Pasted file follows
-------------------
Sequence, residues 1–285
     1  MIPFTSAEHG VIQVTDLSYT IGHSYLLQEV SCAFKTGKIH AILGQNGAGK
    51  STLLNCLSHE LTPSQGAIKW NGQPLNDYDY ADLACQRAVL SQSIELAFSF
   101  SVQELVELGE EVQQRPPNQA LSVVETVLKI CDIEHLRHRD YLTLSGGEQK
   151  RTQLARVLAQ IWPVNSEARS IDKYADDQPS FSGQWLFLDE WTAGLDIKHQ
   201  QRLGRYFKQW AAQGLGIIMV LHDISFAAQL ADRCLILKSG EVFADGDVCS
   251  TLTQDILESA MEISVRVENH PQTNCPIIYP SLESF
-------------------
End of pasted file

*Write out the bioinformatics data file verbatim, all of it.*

Sequence, residues 1–285
     1  MIPFTSAEHG VIQVTDLSYT IGHSYLLQEV SCAFKTGKIH AILGQNGAGK
    51  STLLNCLSHE LTPSQGAIKW NGQPLNDYDY ADLACQRAVL SQSIELAFSF
   101  SVQELVELGE EVQQRPPNQA LSVVETVLKI CDIEHLRHRD YLTLSGGEQK
   151  RTQLARVLAQ IWPVNSEARS IDKYADDQPS FSGQWLFLDE WTAGLDIKHQ
   201  QRLGRYFKQW AAQGLGIIMV LHDISFAAQL ADRCLILKSG EVFADGDVCS
   251  TLTQDILESA MEISVRVENH PQTNCPIIYP SLESF